Can Evangelicals and Christians Coexist in America?

I just read an article entitled, “Can Gays and Christians Coexist in America?” Once again, I find myself annoyed by the presumption--the enduring arrogance present in unself-critically asserting that the “Christian position” with respect to LGBTQ people is by definition condemnatory.

This just in: There are Christians who actually believe God created LGBTQ people the way they are. So, I propose a title more representative of reality:

“Can Evangelicals and Christians Coexist in America?”

Oh, now I’ve got your blood boiling--at least some of you. Such a title sounds like heresy to a significant portion of the American Christian population, since in many people’s minds “Evangelical” is but a placeholder for “Christian”; which is to say, in many people’s minds the Venn diagram of “Evangelical” and “Christian” is a single, round circle. And therefore, anything not in that circle, anything not suitably “Evangelical” enough is suspect tout court.

But, I’ve got to tell you, I’m much less sympathetic to the outrage my title elicits from that particular segment of the population than I used to be. After repeatedly seeing evangelicals refer to their take on faith as “Christianity”--unqualified by even the slightest trace of humility that, you know, there might be other ways of reading the Christian faith that don’t necessarily correspond to evangelical interpretations. There’s always a subtle presumption at work among these folks that evangelical theology is the uncut dope, straight from the dealer--no fancy “interpretation,” no ostentatious hermeneutical parlor tricks (like the liberals employ), no “politically correct” weasel words that say “bad is good” and “down is up”--just the unalloyed stuff God intended for us to know and believe all along. Traditional means always and forever--as in, “We stand for ‘traditional marriage,’ one man and one woman, the kind God laid out in the Bible. We don’t go in for all that stupid contextuality stuff. God’s word is unchanging.”

But that is such a craptacular lie! Or if that’s too strong for you, God’s word may be unchanging, but our ability to read it correctly sure as hell isn’t.

Tradition. Orthodoxy. Precedent. These are not fixed theological quiddities, despite all the indignant howls to the contrary; they’re all much more fluid than Evangelicalism seems comfortable acknowledging. For example:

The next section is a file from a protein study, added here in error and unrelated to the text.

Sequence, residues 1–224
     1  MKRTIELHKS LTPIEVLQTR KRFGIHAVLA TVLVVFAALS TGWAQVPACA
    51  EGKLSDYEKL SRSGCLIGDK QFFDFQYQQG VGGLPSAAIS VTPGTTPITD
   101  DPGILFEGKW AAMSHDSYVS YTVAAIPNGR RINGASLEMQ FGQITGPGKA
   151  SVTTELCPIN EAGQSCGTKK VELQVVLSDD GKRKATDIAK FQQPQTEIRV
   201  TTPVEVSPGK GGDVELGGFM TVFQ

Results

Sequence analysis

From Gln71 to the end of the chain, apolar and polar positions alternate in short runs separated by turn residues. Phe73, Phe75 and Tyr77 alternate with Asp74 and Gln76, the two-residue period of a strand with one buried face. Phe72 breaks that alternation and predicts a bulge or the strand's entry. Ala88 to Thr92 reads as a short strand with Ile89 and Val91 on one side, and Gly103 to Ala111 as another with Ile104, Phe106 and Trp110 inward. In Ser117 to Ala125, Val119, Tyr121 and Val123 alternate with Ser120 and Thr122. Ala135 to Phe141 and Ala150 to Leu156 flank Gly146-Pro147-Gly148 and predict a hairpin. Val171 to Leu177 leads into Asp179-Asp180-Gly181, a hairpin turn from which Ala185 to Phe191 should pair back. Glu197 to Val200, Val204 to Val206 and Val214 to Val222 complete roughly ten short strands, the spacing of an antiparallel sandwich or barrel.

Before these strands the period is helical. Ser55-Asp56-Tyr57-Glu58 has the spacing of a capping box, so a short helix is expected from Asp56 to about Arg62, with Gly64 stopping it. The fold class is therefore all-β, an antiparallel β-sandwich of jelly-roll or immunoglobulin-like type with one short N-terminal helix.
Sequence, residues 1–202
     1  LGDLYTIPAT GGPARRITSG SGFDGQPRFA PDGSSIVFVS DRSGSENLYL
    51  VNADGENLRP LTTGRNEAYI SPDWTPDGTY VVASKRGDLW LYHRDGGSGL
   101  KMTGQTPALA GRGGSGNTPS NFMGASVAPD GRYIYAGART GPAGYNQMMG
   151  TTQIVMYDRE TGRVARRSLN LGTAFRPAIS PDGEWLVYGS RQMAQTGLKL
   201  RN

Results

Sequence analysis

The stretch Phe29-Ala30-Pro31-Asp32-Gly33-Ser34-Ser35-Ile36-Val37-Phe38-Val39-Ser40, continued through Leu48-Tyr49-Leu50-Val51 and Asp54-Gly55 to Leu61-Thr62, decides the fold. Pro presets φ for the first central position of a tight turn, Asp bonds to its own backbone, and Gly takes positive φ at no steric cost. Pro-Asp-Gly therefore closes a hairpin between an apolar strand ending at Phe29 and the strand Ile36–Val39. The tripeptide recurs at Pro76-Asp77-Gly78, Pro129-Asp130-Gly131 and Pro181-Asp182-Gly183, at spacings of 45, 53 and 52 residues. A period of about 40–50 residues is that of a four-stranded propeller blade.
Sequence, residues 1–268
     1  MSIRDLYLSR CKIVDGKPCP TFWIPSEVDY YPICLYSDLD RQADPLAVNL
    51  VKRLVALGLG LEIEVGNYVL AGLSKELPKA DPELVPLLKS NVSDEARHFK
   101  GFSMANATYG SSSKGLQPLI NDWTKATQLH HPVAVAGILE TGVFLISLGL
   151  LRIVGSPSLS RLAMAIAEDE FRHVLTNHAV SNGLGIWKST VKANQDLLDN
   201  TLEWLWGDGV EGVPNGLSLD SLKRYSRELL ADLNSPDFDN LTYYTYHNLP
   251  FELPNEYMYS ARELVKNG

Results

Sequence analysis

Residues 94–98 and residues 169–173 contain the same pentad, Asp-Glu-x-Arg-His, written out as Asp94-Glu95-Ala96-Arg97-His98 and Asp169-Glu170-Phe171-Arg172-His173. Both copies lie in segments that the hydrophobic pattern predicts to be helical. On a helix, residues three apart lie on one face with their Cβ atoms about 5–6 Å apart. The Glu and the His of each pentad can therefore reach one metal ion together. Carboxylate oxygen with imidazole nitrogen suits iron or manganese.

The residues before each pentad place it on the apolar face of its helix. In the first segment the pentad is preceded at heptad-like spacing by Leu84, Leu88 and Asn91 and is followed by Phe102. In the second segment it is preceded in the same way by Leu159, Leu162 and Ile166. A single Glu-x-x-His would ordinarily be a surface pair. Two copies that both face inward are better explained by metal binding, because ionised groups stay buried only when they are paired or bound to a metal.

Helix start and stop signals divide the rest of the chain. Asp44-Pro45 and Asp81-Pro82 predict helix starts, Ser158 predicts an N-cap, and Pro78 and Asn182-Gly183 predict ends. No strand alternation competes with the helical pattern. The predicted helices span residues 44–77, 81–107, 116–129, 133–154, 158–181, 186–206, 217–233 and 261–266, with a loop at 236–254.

• There was a time when baptizing people most likely meant dunking them under water, until it didn’t …

  • There was a time when fighting in the military was an unprecedented affront to the peaceful example of Jesus, until Constantine and his heirs came along and a new precedent was set …

  • There was a time when the mother of Jesus was deemphasized, until she wasn’t, but then the Reformation happened and (among Protestants) she was again …

  • There was a time when torture and forced conversion satisfied the rigorous demands of orthodoxy, until it didn’t …

  • There was a time when tradition permitted the owning of slaves, until traditional Christianity opted for a new tradition …

  • There was a time when it seemed clear to a number of the religious forbears of today’s evangelicals that interracial marriage was a grievous strike against God’s unchanging will for humanity, until it wasn’t …

Tradition, orthodoxy, precedent … all have a nasty habit of changing over time, and thus disappointing those who so vigorously contend that “God’s word is unchanging.” So, it seems a more plausible reading of the history of faith to argue that one of the constants of Christian theology over time is not some fetishized constancy expressed in a vacuum, but an ability to engage an ever changing world in new ways that honor the unfolding reign of God’s desire for peace and justice for all God’s creation.

Consequently, if one of the central components of Christianity is the tradition of thoughtfully embracing new traditions when those new traditions seem more fully capable of expressing God’s character and will in new and previously unheard of ways, then one is prompted to ask the difficult question: Can evangelicals and Christians coexist in America?